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Food watchdog lodges complaint over Nestle mineral water ‘fraud’

“This is a massive fraud for which Nestle Waters, the Sources Alma group must answer,” the European watchdog said.

Foodwatch has accused Nestle Waters and Sources Alma of fraudulently treating water they say is 'mineral water'
Foodwatch has accused Nestle Waters and Sources Alma of fraudulently treating water they say is 'mineral water' - Copyright AFP TANG CHHIN Sothy
Foodwatch has accused Nestle Waters and Sources Alma of fraudulently treating water they say is 'mineral water' - Copyright AFP TANG CHHIN Sothy

Consumer watchdog Foodwatch said it was filing a legal complaint Wednesday against food giant Nestle and another group over them allegedly fraudulently treating water for their top mineral water brands.

A government probe reported by media last month said about 30 percent of mineral water sold in France had undergone purification treatment only meant to be used on tap water.

Foodwatch said it was lodging its complaint with a Paris court against Nestle Waters, behind brands such as Perrier and Vittel, and the Sources Alma group, which also owns several water labels.

“This is a massive fraud for which Nestle Waters, the Sources Alma group and the French government must answer,” the European watchdog said.

“Nobody, not even a multinational like Nestle, is above the law,” Foodwatch spokeswoman Ingrid Kragl said.

The NGO claimed Nestle Waters and Sources Alma had “illegally processed their bottled waters and then sold them without informing consumers”.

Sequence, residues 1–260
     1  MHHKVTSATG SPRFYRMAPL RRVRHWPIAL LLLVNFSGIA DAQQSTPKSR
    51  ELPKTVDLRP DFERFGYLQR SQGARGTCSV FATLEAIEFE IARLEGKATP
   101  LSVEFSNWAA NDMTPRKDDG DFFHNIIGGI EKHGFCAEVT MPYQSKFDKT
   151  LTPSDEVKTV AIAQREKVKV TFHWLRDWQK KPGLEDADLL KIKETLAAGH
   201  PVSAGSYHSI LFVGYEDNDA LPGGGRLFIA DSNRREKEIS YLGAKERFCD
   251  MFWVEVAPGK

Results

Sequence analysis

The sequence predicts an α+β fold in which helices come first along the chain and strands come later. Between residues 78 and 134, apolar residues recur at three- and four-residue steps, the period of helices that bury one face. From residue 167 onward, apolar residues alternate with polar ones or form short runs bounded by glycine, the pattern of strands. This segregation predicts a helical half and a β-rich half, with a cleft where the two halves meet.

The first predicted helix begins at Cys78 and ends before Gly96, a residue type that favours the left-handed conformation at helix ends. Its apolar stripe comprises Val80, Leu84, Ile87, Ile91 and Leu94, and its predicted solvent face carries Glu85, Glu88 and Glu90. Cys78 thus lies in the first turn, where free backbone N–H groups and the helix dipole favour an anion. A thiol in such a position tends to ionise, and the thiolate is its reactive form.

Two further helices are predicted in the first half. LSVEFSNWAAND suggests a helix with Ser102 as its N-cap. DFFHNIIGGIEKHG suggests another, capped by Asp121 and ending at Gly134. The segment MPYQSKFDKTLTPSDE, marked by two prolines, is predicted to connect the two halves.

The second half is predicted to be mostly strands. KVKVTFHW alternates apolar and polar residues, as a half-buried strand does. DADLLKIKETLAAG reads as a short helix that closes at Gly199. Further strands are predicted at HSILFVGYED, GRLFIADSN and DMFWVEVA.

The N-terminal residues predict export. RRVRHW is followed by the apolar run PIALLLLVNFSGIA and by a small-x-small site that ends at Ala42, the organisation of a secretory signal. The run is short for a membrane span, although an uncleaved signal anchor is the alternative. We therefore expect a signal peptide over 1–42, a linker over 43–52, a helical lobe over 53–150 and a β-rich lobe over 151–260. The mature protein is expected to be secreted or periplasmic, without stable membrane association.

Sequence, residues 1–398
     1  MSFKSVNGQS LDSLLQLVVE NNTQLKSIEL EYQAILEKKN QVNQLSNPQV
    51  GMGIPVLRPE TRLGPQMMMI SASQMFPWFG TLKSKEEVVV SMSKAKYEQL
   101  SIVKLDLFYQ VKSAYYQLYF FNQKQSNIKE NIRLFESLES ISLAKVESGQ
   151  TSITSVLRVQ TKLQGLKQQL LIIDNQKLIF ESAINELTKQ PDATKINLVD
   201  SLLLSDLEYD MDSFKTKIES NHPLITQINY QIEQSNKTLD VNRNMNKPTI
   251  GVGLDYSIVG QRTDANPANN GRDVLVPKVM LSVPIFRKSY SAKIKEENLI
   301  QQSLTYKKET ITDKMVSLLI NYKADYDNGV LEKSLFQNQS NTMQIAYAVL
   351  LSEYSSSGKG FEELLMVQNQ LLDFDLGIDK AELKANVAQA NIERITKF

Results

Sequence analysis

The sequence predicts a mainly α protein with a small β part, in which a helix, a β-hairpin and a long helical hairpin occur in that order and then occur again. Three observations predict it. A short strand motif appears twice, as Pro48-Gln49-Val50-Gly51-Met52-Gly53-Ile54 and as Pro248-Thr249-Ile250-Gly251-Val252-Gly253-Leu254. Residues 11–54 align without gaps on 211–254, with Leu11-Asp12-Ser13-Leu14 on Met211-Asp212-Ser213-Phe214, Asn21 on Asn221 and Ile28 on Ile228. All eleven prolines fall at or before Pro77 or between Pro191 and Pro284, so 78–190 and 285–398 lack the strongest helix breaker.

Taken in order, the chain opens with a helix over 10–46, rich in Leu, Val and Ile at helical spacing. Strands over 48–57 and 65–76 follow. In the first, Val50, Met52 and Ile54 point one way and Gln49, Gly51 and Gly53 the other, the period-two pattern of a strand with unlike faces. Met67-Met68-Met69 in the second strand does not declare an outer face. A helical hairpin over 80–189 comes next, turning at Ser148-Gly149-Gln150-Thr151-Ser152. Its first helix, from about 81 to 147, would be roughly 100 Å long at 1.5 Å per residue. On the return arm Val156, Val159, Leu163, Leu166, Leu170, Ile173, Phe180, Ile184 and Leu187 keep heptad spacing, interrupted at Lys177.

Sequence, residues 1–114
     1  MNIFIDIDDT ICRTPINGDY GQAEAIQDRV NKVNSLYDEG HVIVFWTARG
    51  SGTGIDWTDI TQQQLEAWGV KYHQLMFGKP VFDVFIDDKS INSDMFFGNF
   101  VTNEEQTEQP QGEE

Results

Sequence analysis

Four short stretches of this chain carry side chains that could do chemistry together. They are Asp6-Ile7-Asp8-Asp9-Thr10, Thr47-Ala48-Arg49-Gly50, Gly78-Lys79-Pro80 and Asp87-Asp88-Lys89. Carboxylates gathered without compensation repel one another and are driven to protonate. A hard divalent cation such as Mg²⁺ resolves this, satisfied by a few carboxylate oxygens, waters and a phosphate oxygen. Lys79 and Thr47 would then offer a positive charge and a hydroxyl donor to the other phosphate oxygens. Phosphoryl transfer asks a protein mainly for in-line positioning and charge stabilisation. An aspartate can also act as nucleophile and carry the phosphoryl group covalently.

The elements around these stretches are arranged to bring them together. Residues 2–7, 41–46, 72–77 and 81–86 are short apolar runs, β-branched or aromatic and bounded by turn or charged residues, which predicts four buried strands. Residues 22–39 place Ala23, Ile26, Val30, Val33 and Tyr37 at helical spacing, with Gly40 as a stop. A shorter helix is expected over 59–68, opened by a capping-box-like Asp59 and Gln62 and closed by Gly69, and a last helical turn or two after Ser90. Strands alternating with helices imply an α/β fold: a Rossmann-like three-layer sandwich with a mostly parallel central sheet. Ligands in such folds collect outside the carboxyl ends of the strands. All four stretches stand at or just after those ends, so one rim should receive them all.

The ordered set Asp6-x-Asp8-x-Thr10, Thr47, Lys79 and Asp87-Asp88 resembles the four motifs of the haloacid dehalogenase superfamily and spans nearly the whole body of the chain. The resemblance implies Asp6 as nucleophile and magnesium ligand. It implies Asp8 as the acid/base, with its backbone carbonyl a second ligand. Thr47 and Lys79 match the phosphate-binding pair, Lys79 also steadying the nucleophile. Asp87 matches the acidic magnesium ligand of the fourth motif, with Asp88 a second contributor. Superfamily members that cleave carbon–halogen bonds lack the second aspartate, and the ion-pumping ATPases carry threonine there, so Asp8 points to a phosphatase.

French law, based on a European Union directive, forbids such purification of mineral water, which is supposed to be of naturally high quality before bottling.

French prosecutors last month said they had opened an investigation into suspected fraud by Nestle Waters after a complaint by France’s ARS health regulator.

They spoke after Le Monde and Radio France reported that a government investigation had concluded in 2022 that “almost 30 percent of commercial brands undergo non-compliant treatments”.

Nestle Waters said it put some top brands, such as Perrier and Vittel, through ultraviolet light and active carbon filters “to guarantee food safety”, and had informed French authorities about this in 2021.

A government source told AFP that authorities had found “no health risk” linked to the bottled water.

Foodwatch said it had also written to the European Commission, denouncing “the complacency of France, which… should have alerted European authorities and the other member states importing these waters”.

AFP
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